When taking measurements for a child with FTT, use appropriate growth charts from Singapore(15) or the World Health Organization.(16) Specific growth charts should be used for ex-premature infants and those with dysmorphology syndromes (i.e. Turner syndrome, Down syndrome and achondroplasia). Ensure that the equipment, such as the stadiometer, has appropriate accuracy and that measurement techniques are correct (e.g. child stands straight with back and heels against the stadiometer). Take the average of two height measurements. Neonates and young infants should be weighed while naked (without nappies and clothes) and consistently, before or after feeding.


    The family doctor working in the community is best placed to detect FTT in children when they present for illnesses or health monitoring by enquiring further in cases where FTT is suspected. Through evaluation as well as timely management of FTT and any underlying psychosocial issues in the family, the outcomes for these children can be improved.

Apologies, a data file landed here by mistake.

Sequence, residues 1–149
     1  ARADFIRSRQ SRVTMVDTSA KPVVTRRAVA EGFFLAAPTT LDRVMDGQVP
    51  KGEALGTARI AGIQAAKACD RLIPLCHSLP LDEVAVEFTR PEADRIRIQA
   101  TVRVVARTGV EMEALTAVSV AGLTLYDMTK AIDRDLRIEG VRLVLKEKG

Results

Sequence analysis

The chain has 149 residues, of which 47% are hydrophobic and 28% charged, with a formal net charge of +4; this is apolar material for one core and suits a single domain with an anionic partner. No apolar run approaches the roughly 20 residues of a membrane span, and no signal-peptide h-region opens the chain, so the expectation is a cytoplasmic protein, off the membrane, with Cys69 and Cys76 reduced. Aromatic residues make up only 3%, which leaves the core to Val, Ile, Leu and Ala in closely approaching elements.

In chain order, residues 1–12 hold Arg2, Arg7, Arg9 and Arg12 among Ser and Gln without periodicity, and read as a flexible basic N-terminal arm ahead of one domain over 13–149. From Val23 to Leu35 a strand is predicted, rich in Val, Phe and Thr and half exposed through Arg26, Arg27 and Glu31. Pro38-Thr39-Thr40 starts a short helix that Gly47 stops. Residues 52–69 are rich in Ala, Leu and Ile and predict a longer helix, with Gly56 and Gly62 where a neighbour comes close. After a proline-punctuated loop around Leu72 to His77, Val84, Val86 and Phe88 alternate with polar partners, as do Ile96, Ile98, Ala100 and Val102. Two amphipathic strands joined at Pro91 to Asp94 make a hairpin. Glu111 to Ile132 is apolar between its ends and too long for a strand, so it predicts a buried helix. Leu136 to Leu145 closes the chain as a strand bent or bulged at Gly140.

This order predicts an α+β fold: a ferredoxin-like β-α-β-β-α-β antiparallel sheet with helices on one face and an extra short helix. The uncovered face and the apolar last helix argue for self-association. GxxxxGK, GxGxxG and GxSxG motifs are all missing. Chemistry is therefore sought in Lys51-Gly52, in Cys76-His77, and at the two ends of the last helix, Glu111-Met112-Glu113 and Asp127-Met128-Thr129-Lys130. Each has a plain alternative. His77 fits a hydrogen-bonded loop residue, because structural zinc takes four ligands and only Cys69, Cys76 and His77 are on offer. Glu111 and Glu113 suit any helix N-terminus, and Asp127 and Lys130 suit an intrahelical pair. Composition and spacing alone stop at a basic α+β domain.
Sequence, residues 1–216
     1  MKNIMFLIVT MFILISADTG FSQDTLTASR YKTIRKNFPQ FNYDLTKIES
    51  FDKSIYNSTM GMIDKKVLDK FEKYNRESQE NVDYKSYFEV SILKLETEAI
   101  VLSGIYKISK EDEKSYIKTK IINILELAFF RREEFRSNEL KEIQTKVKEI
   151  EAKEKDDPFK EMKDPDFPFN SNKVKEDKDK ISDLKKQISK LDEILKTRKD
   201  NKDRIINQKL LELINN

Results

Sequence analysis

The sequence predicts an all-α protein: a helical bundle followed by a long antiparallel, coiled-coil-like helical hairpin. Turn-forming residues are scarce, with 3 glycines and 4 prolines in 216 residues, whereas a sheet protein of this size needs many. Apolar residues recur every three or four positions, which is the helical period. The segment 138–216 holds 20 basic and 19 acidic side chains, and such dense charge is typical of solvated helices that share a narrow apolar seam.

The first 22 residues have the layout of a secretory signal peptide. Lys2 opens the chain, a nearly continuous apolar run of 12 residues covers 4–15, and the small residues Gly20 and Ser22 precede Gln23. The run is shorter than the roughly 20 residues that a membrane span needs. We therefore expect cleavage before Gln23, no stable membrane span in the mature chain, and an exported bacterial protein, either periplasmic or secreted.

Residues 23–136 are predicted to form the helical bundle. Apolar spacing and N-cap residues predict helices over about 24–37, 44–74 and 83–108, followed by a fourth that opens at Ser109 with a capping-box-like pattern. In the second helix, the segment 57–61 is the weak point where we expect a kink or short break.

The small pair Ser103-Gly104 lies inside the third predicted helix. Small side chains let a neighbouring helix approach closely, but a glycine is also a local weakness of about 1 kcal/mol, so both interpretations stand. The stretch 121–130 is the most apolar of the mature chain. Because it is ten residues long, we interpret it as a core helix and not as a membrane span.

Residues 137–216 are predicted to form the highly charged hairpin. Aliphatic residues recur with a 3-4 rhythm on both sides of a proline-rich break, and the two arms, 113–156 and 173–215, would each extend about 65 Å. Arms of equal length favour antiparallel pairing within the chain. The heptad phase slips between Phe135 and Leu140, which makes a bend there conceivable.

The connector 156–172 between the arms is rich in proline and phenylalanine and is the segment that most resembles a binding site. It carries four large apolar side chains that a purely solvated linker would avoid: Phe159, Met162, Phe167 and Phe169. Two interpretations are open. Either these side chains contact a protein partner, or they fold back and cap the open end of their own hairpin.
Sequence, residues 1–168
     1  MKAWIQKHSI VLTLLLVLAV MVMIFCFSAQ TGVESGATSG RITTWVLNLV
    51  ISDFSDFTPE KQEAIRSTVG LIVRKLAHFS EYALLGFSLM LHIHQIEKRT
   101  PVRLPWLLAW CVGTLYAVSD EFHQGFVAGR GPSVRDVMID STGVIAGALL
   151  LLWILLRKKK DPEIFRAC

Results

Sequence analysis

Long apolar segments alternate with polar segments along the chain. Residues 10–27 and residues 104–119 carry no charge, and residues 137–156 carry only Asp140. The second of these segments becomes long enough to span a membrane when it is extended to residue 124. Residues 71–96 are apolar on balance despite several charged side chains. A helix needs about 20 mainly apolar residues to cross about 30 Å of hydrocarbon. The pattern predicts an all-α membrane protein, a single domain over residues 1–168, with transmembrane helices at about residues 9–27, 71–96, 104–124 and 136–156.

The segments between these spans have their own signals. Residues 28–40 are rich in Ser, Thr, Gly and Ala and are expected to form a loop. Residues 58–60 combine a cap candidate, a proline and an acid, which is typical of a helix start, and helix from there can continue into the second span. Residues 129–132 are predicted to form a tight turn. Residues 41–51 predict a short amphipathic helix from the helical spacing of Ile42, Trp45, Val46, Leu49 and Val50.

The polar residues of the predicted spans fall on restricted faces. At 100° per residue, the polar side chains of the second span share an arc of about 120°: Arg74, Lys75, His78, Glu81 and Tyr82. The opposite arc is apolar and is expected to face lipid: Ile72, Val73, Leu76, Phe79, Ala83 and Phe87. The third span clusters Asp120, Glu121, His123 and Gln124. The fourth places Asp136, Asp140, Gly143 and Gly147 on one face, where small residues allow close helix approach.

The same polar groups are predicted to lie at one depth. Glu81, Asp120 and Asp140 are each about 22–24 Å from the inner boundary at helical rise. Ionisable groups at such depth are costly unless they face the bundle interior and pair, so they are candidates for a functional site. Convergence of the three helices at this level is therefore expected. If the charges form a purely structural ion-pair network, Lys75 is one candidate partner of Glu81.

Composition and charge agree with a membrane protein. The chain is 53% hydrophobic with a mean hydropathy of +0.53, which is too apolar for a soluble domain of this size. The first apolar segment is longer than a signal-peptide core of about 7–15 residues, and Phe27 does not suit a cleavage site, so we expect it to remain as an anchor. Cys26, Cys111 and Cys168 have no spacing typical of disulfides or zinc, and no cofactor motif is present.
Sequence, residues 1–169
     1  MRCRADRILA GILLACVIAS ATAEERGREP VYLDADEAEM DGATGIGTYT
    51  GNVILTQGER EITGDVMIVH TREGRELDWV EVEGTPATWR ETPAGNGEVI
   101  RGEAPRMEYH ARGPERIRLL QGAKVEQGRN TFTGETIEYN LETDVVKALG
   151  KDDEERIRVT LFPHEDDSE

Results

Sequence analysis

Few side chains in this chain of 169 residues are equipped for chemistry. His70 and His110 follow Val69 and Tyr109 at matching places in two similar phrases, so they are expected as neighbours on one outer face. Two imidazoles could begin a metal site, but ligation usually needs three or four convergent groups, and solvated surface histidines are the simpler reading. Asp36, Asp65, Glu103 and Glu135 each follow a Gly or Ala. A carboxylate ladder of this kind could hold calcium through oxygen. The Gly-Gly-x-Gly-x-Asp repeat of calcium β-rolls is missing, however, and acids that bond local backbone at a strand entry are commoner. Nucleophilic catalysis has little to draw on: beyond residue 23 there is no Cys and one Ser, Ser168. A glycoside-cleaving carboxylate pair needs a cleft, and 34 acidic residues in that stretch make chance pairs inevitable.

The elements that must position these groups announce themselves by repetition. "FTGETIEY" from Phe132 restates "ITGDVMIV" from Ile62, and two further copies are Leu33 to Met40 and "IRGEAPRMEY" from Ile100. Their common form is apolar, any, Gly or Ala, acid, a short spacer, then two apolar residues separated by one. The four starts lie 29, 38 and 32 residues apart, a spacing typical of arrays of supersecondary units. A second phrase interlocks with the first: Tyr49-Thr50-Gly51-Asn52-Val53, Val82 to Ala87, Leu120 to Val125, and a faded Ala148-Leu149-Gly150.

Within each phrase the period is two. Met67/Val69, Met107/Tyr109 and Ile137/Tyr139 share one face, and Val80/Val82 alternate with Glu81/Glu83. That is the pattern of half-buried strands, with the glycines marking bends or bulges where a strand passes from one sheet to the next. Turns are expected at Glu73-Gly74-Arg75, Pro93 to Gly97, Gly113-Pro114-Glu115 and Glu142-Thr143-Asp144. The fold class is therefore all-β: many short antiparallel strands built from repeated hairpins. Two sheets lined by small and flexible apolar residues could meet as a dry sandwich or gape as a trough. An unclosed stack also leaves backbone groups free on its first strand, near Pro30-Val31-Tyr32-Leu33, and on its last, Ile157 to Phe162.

Management of FTT(13)

    Medical conditions causing FTT should be treated or referred to a paediatrician for further investigations and management, while urgent psychosocial issues require counselling and referral to social services. Physicians should give age-appropriate nutritional counselling to parents or guardians, including advice on food preparation and feeding techniques.(10) The mealtimes of children with FTT should be limited to no more than 30 minutes; authoritative feeding styles are most effective.(17) Children should be monitored for ‘catch-up’ growth. If there is a limited variety of food and the child is not taking a nutritionally complete milk formula, consider checking for iron deficiency and prescribing a multivitamin supplement that contains iron. Adequate complementary foods should be introduced at the appropriate time.